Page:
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Padilla, Hamdi & Guantanamo

In detaining U.S. citizens Jose Padilla and Yaser Hamdi in a U.S. Navy brig and another 650 foreign nationals at the Army base at Guantanamo Bay, the Bush Adminstration claims that the ongoing "war on terrorism" allows it to detain "enemy combatants" indefinitely, without allowing them access to legal counsel or any other due process rights. In effect, Bush says we're at war, and the detainees are prisoners of war who can be held as long as the conflict continues, invoking a long-accepted custom. (However, it should be noted that the administration uses the term "enemy combatants" rather than "prisoners of war", despite its insistence that we're at war, probably due to the fact that the latter term would instill an expectation of human rights consistent with the Geneva Convention.)

The problem here is the concept of a "war on terrorism." In traditional military conflicts, the U.S. faced tangible foreign regimes--Hitler's Germany, Hirohito's Japan, King George's England. Once the enemy was defeated and a formal peace treaty executed, the war would officially be considered to be at an end, and thus any war prisoners would no longer constitute a threat to U.S. security and could be safely returned to their vanquished home countries.

But by its very definition, the "war on terrorism" will never end, as terrorism is a means for non-state entities to attack stronger powers to advance its own political interests. No peace treaty will ever be negotiated with a terrorist organization, which by its very nature lacks the official legitimacy to be subject to legally-binding agreements. Terrorism has been with us for centuries and, being a fairly effective tactic for relatively powerless groups to advance their interests, it will be with us for centuries to come.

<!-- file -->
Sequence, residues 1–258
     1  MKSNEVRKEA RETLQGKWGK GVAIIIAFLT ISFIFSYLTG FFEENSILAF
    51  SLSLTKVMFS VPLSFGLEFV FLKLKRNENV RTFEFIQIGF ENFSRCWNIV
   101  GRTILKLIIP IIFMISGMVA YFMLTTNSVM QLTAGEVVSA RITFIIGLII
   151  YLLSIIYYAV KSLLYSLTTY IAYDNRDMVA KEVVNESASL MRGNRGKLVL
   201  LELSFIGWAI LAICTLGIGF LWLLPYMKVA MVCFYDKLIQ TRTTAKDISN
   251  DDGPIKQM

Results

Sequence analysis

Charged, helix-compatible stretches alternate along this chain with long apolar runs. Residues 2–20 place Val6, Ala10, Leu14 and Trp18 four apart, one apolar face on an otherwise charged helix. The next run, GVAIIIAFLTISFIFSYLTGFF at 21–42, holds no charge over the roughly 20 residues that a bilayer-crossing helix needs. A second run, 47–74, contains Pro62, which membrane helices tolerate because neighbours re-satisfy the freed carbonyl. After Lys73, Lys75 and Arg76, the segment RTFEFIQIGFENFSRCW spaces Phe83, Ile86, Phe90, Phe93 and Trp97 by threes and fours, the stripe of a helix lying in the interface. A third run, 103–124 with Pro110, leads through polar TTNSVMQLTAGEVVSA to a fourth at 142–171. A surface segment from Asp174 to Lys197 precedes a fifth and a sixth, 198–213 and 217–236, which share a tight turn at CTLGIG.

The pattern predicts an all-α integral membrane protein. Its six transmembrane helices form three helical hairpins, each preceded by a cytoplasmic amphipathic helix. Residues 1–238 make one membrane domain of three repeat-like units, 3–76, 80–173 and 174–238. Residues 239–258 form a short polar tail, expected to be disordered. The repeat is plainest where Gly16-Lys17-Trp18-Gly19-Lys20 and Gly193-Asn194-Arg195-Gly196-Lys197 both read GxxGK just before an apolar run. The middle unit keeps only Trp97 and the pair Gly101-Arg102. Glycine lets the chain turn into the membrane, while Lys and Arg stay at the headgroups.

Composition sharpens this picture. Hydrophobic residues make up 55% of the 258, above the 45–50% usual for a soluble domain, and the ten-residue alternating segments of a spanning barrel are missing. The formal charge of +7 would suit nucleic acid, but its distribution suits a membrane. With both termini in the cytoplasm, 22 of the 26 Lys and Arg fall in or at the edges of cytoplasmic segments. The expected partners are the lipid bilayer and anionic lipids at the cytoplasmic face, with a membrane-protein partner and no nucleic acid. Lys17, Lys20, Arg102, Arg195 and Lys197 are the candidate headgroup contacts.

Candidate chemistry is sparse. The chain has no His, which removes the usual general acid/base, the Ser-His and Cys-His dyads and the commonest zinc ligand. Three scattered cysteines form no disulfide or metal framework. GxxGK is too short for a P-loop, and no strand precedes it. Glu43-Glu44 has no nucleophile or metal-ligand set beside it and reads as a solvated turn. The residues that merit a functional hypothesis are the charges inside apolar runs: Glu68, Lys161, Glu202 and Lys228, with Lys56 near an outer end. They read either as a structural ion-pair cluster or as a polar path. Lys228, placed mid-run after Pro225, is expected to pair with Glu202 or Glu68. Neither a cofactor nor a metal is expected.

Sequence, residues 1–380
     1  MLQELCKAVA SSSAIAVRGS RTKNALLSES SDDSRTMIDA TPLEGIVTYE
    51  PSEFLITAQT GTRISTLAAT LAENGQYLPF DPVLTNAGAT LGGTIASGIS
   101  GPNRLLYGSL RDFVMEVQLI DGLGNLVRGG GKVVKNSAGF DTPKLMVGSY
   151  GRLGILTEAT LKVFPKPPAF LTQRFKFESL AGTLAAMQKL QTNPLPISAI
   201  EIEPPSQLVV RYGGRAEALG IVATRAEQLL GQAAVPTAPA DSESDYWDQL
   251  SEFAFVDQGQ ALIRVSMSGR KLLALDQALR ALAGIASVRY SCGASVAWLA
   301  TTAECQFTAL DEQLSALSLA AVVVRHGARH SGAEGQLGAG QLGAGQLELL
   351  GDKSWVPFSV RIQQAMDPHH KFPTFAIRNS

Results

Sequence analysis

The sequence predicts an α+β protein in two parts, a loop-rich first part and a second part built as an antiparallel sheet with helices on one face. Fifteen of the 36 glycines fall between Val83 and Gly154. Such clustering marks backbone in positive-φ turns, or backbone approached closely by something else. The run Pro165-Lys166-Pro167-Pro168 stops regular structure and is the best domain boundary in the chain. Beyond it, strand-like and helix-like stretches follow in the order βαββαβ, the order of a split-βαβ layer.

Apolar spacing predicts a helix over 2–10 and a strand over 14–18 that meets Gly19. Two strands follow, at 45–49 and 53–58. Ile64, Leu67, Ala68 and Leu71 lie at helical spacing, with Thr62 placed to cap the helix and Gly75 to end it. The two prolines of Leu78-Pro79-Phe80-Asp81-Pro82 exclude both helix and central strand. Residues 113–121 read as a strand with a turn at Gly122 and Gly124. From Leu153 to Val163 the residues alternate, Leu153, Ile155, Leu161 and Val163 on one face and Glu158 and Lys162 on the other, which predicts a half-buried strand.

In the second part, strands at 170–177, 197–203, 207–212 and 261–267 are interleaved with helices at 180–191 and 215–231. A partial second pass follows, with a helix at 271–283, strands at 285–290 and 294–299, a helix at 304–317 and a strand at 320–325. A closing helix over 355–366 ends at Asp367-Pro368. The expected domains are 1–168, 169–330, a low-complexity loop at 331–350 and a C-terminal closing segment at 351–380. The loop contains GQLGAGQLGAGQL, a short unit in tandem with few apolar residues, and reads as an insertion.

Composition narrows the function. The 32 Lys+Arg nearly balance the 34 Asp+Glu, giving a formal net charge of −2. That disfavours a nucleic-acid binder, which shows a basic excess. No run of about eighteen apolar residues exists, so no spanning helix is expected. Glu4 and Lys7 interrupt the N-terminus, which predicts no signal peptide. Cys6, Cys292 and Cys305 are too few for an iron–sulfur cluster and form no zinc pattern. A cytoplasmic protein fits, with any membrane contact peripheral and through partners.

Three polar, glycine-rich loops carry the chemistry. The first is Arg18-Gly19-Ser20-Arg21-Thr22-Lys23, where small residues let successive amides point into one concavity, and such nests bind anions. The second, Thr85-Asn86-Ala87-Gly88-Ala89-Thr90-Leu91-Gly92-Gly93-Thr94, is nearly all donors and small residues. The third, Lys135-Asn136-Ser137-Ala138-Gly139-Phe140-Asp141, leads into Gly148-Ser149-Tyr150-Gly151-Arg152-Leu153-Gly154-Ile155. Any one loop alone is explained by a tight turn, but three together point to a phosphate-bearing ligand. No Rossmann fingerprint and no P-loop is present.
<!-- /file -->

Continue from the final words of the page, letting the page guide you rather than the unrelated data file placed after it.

The administration's policy seeks to define its "war on terrorism" and "enemy combatants" entirely on its own terms, without interference from the courts, and thus reserve the right to jail anyone it unilaterally determines to be a threat to U.S. security. If this policy is allowed to continue, the administration could claim that other ordinary citizens--say, antiwar protesters and civil rights activists fighting against the Patriot Act--are undermining its efforts to combat terrorism, and thus jail those non-violent parties indefinitely as well.

If the Supreme Court is truly committed to its responsibility to uphold the Constitution, it will quash any and all Bush Administration efforts to circumvent the Constitutional guarantee of due process.

Otherwise, what we'll be living under won't be democracy. It will be Stalinism.

April 30, 2004 in Current Affairs | Permalink